I didn't even really tell her that day, you know? We had the entire day off, and we were able to spend it with our loved one. I knew what I was working on in the workroom. At the same time, I wasn't working on building that relationship and that honesty with my mother. And, so, that was very painful.

When I slept that night, knowing that I was going to present the work the next day on the runway, that was very intimidating.

Every time you approach that runway, you don't have a plan. I never went up there calculated. I didn't know what was going to happen, you know. That day in particular was very scary.

I actually talked first about the inspiration [without revealing the HIV-related part]. Then the seven other designers talked about their inspirations. They were very emotional and very honest about their work, and I was very -- you know, I was very impressed. I felt very comfortable because, you know, these people that I had grown to love and really appreciate weren't scared about the honesty.

The vulnerability was constant. And that made me feel very, very safe.

When my critique ended Nina said these words -- and I will remember these words for the rest of my life -- she said, "I wish I knew what the story was."

And, so, when we were dismissed from the runway we started walking -- and I stopped. I turned to the panel of judges, and I said: "You know, Nina, you asked. You asked what my story was."

And in that moment, a lot of things changed. I think, for me, you know, I don't know what I said in that moment. I know that it was a release. I knew that I was lifted. And, it was kind of an out-of-body experience for me. Because it had attached itself to me in such a negative way for such a long time that it was finally a release that I didn't know where to go with it.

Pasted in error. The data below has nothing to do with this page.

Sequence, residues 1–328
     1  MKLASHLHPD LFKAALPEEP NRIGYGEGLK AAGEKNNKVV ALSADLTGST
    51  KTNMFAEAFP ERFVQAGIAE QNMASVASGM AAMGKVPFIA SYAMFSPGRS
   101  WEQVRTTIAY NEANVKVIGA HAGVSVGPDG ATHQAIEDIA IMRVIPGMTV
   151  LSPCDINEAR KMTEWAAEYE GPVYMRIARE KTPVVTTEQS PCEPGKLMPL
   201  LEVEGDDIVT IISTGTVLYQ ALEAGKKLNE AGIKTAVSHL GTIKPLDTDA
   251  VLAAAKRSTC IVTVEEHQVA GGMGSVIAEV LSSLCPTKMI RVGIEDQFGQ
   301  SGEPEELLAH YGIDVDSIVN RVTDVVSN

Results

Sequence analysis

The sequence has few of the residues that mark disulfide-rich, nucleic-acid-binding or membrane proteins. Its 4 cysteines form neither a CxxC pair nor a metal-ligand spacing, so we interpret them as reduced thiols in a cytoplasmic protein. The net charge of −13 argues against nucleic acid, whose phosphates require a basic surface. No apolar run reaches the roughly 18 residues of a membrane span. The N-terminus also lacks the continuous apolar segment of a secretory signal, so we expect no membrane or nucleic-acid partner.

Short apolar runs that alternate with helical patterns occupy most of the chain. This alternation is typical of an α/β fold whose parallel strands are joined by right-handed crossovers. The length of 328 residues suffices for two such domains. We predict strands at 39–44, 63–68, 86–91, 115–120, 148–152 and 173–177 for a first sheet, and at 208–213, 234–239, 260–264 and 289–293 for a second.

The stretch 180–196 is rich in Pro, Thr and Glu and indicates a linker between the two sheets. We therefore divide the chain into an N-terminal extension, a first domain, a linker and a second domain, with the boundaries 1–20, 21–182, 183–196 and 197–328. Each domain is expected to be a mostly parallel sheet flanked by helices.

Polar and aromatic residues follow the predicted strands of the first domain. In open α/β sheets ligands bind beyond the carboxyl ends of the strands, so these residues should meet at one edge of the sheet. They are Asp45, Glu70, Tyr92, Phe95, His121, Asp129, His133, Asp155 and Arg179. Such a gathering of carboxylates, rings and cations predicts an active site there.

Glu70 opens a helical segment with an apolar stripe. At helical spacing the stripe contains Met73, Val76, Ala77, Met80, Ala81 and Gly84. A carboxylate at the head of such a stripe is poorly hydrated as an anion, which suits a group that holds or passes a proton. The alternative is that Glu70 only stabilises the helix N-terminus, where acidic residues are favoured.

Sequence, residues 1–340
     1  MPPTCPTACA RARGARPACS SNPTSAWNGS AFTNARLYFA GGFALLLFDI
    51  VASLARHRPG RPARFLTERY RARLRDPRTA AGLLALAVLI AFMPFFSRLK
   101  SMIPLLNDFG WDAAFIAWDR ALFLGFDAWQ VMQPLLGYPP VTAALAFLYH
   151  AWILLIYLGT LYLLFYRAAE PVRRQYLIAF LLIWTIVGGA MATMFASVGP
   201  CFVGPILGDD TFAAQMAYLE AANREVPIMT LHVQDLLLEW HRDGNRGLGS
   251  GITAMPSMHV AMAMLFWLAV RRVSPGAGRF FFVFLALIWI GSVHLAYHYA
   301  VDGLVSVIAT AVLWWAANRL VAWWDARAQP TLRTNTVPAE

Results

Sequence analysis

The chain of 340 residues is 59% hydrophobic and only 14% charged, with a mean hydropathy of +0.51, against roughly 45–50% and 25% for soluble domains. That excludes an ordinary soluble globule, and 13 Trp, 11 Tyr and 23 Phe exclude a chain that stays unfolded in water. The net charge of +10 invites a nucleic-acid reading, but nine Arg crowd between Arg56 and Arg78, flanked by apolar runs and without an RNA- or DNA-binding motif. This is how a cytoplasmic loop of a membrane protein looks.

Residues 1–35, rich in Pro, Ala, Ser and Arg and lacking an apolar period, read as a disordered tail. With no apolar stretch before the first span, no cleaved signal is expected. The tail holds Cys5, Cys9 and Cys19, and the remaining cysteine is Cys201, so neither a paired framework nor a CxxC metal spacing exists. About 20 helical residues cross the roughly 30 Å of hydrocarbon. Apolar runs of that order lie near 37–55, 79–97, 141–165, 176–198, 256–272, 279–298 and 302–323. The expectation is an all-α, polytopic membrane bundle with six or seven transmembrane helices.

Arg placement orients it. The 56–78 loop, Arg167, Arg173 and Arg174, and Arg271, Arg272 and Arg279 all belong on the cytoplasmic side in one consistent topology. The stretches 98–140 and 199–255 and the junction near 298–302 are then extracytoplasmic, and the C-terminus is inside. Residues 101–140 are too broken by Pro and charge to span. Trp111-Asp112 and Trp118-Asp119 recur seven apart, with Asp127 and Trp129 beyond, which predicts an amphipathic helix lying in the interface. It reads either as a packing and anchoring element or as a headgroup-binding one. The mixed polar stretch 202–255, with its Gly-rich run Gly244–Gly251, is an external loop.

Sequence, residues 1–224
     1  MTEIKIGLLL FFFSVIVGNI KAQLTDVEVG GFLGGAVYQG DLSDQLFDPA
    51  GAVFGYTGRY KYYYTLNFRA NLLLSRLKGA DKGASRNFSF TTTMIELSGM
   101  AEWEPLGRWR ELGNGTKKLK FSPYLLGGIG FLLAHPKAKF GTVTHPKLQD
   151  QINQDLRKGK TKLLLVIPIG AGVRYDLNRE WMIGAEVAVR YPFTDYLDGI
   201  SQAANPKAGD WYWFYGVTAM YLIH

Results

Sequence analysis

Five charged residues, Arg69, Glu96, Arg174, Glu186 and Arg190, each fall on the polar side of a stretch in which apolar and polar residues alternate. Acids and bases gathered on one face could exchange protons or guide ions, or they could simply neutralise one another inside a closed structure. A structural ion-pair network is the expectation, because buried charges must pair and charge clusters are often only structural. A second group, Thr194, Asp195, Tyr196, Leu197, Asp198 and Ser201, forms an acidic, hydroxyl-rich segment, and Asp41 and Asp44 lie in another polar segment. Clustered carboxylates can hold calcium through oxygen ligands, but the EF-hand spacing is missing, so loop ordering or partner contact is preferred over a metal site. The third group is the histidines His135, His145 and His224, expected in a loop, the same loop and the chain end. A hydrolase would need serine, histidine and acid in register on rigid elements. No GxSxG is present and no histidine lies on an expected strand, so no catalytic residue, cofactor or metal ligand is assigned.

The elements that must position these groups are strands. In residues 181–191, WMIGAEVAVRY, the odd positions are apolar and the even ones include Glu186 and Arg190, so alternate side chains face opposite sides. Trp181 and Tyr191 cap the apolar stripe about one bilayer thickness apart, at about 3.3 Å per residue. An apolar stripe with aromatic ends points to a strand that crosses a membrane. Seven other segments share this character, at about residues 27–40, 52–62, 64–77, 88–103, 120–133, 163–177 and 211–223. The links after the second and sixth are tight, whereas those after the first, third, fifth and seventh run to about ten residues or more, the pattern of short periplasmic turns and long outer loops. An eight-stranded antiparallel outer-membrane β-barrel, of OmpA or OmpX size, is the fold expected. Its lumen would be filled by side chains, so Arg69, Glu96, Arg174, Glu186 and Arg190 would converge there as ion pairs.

When I left the runway, I felt like a different person. And the producers that you never see behind the curtain, they came out, and they were crying. And they were saying, "Thank you for talking about this. We're so proud of you." It was just amazing, you know?

Charles Sanchez: As an audience member, it was surprising. It was refreshing. It was incredibly brave. And we could see that in you. We could see you make a decision to say those words and tell us about it. And the realization that you were not only saying it out loud, but saying it to this audience on a national level, international level, was really powerful and empowering.

Guerra: It was an amazing day. When I got off the runway, I was thinking about that moment when I was going to have to tell my parents and let my family know about my status. Eventually, this is going to be on television, you know? That was a whole 'nother story in itself.

But I want to talk about why I talked about it. This was a huge opportunity in my life as an artistic, creative person. And I always create a work that is about memories and love, and this is very kindred -- it's fun and, I want to say, honest. There's a lot of truth behind it. And I felt like when I was up there and hearing everybody else share their truth and me talking about, you know, just my love for color and everything else like that, there was no substance to it. It was very, very flat. There was no life to my design without really letting go of the story.

This transcript excerpt has been lightly edited for clarity and length.